Nintendo Labo VR Kit - Jeff playing with the Toy-Con Bird
Nintendo’s most recent VR experiment, the Labo VR kit, was typically playful.
Photo: James Bareham/Polygon

There are a few reasons this is quite possible. As a shareholder in the Pokémon Company, Nintendo is more than familiar with the gaming potential of AR and has also experimented with it in Pikmin Bloom. (Both games are made under license by AR specialist Niantic, in which Nintendo and the Pokémon Company are investors.) Cameras are also a natural fit for handheld consoles; Nintendo released a camera accessory for the Game Boy back in 1998 and included cameras in some of the DS family of consoles, including the DSi and 3DS. Nintendo’s designers were playing around with AR years before Pokémon Go in titles like Nintendogs + Cats, and would probably come up with some fun applications with the processing power the Switch 2 will have.

The case against? Adding even a simple camera will increase the cost, and it would be for a feature that many games won’t use. Breakout AR hits beyond Pokémon Go have been few. And everyone already has a gaming-capable device with a camera: their smartphone. Nintendo got away with low-quality cameras in previous devices due to their novelty value, but that no longer applies. Still, this is far from impossible.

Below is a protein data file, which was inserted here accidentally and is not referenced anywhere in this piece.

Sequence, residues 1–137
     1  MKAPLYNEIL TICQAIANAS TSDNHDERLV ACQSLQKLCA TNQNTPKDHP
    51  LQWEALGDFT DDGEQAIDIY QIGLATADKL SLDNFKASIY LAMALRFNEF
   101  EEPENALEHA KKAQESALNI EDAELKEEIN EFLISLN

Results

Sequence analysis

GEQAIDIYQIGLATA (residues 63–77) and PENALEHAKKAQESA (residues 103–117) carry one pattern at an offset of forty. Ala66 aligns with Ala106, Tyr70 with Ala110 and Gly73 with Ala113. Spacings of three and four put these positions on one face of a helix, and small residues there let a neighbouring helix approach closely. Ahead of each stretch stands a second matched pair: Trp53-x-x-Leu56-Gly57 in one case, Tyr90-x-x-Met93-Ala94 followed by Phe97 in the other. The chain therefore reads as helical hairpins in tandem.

Probability rating: medium

Will Switch 2 have… fewer gimmicks than Switch?

As much as it runs counter to (some of) Nintendo’s instincts, we have to consider the possibility that the company will actually strip features rather than add them. The reason is simple: cost. The price of electronics components is not reducing over time the way it used to — Switch’s retail price has remained the same for its entire lifespan — and Nintendo needs to find a cost-effective way to make a more powerful console that has a reportedly considerably larger screen.

Rumors say that the console will still be playable “in portable mode,” which also suggests that it will not be — so the continuation of the dock, or some other means to connect it to a TV, seems a given.